Online Banking Finally Moves Into The 21st Century

News

News finally broke this week that banks in the UK will require a person’s name to be correct when making payments online. No, we haven’t accidentally re-posted an article from years ago, this is a new procedure that’s only now reached the point of being implemented. It’s not even going to happen quickly; Pay.UK, which is the company that oversees all of the major payment systems in the UK, isn’t actually making the change until July of 2019.

 

How It Works Right Now

When you make a payment into an account through an online banking system, you’re required to enter the amount you want to transfer, the sort code, the account number, a reference if you so desire, and the name on the account you’re making the transfer to. It may shock you to find out that right now, the only details which are actually checked are the sort code and the account number. Everything else, the bank presumes you’ve got correct, and doesn’t attempt to verify.

No Issue For Receivers

This isn’t so bad if you’re receiving money. So long as a person has your sort code and account number correct, anyone can transfer you money without needing to know your name. This could even be seen as a useful feature for people who make money online anonymously, for example eBay traders.

 

It’s not currently clear how the move will affect those who have existing payment systems set up without verifying their name. It’s possible that, in future, you may have to provide additional identity verification to companies like PayPal before they can transfer funds to you. This could be something of an irritation if you receive money online from a number of different sources, and you just want to do something simple like collect your casino winnings from a Cleopatra slot game. Casinos are actually one of the most developed industries for online payments and many casinos offer e-wallets such as Neteller, Skrill, EcoPayz, PaySafeCard and ofcourse wire transfer services such as Trustly and Entropay.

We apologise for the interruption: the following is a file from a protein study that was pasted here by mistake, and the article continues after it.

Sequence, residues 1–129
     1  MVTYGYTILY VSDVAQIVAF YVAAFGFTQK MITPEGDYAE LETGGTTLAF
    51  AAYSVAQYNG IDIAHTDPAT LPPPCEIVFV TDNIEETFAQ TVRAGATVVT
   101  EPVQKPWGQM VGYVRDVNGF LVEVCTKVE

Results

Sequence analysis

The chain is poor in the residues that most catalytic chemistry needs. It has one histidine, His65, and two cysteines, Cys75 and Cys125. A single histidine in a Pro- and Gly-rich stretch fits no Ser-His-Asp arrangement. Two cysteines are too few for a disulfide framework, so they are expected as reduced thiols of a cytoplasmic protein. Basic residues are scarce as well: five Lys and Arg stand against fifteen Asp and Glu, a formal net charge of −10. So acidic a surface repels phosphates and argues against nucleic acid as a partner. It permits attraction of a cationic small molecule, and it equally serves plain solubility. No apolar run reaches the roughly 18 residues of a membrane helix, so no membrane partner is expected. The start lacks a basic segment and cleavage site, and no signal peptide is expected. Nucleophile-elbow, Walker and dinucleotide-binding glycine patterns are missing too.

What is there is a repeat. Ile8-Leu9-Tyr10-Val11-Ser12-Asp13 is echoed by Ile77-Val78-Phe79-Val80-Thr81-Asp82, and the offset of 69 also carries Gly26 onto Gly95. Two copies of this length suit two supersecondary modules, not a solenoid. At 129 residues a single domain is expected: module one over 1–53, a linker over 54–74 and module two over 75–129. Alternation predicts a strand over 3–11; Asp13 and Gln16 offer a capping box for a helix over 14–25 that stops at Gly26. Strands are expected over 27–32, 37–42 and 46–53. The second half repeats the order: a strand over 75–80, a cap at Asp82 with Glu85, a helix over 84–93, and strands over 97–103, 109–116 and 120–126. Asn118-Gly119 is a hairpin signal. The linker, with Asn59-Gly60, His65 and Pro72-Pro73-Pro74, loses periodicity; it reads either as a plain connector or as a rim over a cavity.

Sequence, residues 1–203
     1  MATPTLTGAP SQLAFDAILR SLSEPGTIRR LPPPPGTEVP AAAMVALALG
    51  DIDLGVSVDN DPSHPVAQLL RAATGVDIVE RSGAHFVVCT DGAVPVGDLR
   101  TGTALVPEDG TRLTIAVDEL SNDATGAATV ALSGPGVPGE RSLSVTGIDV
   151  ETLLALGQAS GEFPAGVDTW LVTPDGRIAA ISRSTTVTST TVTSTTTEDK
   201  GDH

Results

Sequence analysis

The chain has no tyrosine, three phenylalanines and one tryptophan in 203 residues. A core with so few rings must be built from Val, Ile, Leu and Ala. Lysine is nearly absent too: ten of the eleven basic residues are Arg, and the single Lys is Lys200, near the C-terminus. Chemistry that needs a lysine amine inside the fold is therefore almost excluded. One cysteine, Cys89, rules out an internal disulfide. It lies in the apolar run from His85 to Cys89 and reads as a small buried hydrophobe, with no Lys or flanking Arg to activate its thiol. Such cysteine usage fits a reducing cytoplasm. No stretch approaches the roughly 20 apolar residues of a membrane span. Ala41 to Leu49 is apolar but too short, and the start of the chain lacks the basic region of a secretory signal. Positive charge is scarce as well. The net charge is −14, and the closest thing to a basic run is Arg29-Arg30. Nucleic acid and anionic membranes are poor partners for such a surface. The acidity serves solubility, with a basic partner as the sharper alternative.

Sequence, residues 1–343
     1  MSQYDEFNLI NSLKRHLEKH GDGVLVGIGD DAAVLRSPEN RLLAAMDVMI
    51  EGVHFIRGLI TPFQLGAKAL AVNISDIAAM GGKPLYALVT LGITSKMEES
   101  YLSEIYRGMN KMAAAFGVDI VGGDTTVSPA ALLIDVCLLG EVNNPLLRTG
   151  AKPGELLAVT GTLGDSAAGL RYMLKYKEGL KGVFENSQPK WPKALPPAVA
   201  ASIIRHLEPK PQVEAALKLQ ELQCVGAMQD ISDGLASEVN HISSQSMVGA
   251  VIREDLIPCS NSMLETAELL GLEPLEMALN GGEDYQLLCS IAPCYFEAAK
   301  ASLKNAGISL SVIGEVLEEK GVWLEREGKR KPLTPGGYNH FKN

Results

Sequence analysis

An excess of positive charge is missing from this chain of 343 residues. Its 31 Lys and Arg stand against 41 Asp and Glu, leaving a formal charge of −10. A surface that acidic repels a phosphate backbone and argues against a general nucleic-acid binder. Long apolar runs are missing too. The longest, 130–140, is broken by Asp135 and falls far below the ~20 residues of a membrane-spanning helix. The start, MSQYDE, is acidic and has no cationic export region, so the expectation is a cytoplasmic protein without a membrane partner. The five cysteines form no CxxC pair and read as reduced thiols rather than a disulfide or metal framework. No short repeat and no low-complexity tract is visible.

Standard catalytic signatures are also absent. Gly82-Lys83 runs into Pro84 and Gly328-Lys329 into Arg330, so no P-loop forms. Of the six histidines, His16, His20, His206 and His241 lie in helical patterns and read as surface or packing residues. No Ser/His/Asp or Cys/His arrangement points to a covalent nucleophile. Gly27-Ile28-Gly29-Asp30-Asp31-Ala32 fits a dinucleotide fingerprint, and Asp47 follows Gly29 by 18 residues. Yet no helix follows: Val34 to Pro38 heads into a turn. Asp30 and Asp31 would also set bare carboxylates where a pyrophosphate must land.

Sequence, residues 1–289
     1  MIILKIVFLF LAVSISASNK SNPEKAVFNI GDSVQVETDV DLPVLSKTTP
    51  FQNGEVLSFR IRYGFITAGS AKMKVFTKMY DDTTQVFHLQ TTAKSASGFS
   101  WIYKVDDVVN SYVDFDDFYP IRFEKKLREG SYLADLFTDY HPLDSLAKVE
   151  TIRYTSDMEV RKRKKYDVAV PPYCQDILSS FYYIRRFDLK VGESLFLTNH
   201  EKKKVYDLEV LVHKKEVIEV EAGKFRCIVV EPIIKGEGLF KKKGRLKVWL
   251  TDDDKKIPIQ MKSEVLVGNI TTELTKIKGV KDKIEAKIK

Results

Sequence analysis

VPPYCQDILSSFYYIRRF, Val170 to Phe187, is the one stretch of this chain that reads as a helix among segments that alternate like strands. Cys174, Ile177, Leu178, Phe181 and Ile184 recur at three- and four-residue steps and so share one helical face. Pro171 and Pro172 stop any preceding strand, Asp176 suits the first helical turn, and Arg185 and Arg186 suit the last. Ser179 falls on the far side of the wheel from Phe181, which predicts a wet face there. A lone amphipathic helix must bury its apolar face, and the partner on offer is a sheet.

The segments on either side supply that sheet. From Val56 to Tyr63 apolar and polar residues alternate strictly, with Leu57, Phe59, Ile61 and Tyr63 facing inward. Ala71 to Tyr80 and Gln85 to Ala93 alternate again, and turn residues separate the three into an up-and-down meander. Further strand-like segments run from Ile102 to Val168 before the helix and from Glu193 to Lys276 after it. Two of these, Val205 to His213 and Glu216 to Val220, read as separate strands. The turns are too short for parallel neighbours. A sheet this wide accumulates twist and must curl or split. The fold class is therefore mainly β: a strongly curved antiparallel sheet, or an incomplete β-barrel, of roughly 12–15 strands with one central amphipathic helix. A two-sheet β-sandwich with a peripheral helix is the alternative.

The Risk Of Loss

The reason the rule is being introduced – and the fact that makes you scratch your head about why it hasn’t been done before – is to prevent people from accidentally transferring money to the wrong bank account. Right now, so long as you present a valid sort code and account number, any transfer you make from your bank will go through even if the name you enter is completely different to the name on the destination bank account. That’s a little bit upsetting if you’re transferring birthday money to a relative. It’s completely devastating if you’re transferring thousands of pounds to pay a large bill to an individual or company.

 

It’s not always a straightforward process to get it back, either; as a citizen you have no means of identifying where your money has been sent, and most banks are currently either unwilling or unable to reverse such a transaction after it’s gone through. In cases where it happens, police involvement is often required to right the wrong.

 

 

How The New System Will Work